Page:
There are plenty of reasons people take an extended time off the horn. Ken’s experience was that he was in the military and got deployed for a year of non-music work out of the country. He wasn’t allowed to bring his horn. Other people need to take time off for medical reasons, chop injuries, or any array of other life circumstances.

I think it’s important to make a clear distinction here. I am talking about planned, extended (more than a month) off from the horn. I am NOT talking about randomly taking multiple days off the horn in the middle of a period of time that you are working or in school. I believe the two are very different circumstances. As a brass educator, I think it is very important to play daily, promote healthy playing habits, and perform regularly throughout the school year. As a music student, it was imperative that I play every day, or very close to it. I’m not advocating large amounts of time off in those circumstances. A day off here and there can be good for recovery, but I wouldn’t suggest taking more than 3 days off per month if you are trying to maintain your chops and grow as a brass player.


The book arrived in mid July and I began to look into it. I used Ken’s model to help me plan the length and pacing of my comeback. He had a few preset plans, but I made a “custom” plan that took full advantage of the 40 days I had until the gig. I decided to spend 30 days getting back in shape, and then spend 10 days practicing the rep for the gig. It took me a few tries to get my plan so that it felt manageable but still allowed me enough rest and enough time at each stage.

(You can click on the picture for a clearer view)

You can probably imagine the content of each stage. I can’t go into it because Ken probably wouldn’t like it, but I was very thankful for his book. If left to my own devices, I would definitely want to A) move too fast, B) not rest enough, and/or C) play things that were too demanding too soon. By following his book, I only allowed myself to play the exercises in each stage. Nothing more, nothing less.

I started out with one session a day at first. It was only 10-15 minutes of playing, with lots of breaks in between every exercise. I always started with 10 reps of breathing on the incentive spirometer, then 1-2 minutes of buzzing. Then I’d play. Ken advocates buzzing frequently, so I’d go back and forth between playing and buzzing (and resting) for 15 minutes. By then my chops felt really tingly, and my time was up, so I’d pack up the horn until the next day.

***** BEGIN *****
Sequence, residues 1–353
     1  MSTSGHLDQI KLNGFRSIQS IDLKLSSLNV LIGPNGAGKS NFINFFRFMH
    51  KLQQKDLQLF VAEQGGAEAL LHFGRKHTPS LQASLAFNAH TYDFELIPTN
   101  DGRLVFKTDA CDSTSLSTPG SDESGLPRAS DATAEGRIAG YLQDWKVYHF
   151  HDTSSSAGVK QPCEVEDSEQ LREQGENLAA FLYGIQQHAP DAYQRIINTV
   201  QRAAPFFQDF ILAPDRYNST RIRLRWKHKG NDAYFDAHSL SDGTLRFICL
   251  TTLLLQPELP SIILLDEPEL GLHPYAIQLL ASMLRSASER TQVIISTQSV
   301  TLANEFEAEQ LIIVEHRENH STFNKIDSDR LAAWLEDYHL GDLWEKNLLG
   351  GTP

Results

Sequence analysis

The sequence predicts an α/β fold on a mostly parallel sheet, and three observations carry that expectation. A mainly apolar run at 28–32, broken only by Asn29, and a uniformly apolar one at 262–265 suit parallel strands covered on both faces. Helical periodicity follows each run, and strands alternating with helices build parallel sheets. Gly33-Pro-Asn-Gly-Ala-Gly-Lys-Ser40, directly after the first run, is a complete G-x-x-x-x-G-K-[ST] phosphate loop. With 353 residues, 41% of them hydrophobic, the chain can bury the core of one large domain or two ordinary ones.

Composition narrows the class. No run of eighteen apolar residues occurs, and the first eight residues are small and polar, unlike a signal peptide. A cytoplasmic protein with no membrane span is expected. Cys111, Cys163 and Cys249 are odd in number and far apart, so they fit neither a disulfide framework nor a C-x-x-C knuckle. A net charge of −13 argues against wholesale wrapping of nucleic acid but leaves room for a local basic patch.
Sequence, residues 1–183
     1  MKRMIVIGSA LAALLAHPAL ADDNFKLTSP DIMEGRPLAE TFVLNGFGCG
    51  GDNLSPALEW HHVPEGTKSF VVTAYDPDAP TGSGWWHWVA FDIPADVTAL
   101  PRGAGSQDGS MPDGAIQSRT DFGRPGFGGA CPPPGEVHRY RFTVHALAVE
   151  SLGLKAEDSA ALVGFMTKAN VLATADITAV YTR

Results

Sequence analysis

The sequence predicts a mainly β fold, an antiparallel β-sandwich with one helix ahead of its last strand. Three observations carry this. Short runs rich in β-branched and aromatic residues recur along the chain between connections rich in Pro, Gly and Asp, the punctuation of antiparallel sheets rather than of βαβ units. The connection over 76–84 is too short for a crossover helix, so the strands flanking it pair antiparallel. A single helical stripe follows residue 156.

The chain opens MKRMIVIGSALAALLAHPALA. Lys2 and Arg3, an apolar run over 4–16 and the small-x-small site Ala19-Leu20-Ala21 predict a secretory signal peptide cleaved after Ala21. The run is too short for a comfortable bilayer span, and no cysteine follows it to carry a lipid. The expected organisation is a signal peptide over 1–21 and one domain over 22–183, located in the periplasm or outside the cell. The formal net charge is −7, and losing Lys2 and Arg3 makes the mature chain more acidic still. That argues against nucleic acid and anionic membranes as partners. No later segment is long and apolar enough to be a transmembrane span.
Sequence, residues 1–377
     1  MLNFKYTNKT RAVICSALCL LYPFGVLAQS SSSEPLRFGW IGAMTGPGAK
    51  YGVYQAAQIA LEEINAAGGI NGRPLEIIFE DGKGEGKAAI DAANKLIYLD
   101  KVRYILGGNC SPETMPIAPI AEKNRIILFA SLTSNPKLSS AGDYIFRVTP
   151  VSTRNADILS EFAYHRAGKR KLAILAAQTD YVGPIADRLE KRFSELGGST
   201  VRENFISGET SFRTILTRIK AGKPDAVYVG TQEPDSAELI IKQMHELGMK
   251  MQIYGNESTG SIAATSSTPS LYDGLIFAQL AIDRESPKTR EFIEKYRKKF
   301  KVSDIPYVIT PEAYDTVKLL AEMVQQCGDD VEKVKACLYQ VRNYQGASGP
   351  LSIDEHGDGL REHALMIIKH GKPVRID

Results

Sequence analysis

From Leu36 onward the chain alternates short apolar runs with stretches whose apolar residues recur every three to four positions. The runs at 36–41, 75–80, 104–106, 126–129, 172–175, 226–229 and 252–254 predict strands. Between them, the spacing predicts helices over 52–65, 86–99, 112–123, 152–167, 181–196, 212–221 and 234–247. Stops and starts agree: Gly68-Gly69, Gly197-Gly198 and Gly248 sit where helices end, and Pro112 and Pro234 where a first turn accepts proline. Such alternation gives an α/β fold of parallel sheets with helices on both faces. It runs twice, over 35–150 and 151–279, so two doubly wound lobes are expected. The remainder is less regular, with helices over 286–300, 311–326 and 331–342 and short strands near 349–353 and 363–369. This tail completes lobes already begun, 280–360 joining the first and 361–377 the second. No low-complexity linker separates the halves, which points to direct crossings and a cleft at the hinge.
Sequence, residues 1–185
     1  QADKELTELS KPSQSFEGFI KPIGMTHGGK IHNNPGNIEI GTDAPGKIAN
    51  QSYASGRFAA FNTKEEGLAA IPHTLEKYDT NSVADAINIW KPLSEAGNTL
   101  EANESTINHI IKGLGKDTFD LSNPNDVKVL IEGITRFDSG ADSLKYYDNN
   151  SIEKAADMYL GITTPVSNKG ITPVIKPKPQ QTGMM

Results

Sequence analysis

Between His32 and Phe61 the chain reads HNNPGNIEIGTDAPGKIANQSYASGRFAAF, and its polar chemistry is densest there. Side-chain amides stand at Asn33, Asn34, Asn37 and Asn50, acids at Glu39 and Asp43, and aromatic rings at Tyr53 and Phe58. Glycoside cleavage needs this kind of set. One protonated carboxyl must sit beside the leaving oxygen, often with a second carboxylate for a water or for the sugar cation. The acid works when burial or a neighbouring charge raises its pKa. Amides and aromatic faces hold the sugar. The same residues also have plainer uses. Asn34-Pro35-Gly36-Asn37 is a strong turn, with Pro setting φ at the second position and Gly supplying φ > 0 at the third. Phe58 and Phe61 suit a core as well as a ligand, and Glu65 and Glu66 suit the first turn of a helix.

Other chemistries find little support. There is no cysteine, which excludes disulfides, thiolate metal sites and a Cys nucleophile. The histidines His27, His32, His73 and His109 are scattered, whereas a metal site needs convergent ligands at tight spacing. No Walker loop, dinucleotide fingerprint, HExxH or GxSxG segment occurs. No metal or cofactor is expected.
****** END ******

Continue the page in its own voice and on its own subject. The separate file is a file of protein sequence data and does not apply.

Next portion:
The incentive spirometer: due to my pregnancy, my breathing muscles were all messed up. My lungs/diaphragm/abdomen had been cramped and unused for brass playing for a long time. My lung capacity felt drastically diminished, so I used the incentive spirometer to measure my lung capacity and attempt to improve it. When I started, I was at 2.5 liters, and by day 10 I was getting to 3.25 liters.

I got really detail oriented with my practice sessions so that I could stay focused and complete my tasks without any distraction. I timed my sessions with the timer on my phone, and stopped when my time was up. I turned the phone on to airplane mode so I wasn’t tempted to get distracted by social media or email. I kept a detailed journal and logged everything that I played. These were all great habits that I try to incorporate into my daily practice now.

In my journal, I had a column for my PLAN for the day, then another column for my ACTION, or what I actually did, and a third column that tracked my daily minutes of practice as well as my max incentive spirometer volume. I wrote notes about my sessions underneath. Over time the PLAN became the same every day: Breathe, Buzz, Play. The ACTION column simply kept track of how many times I did each and for how long. Here is a shot of my journal from days 3, 4, and 5.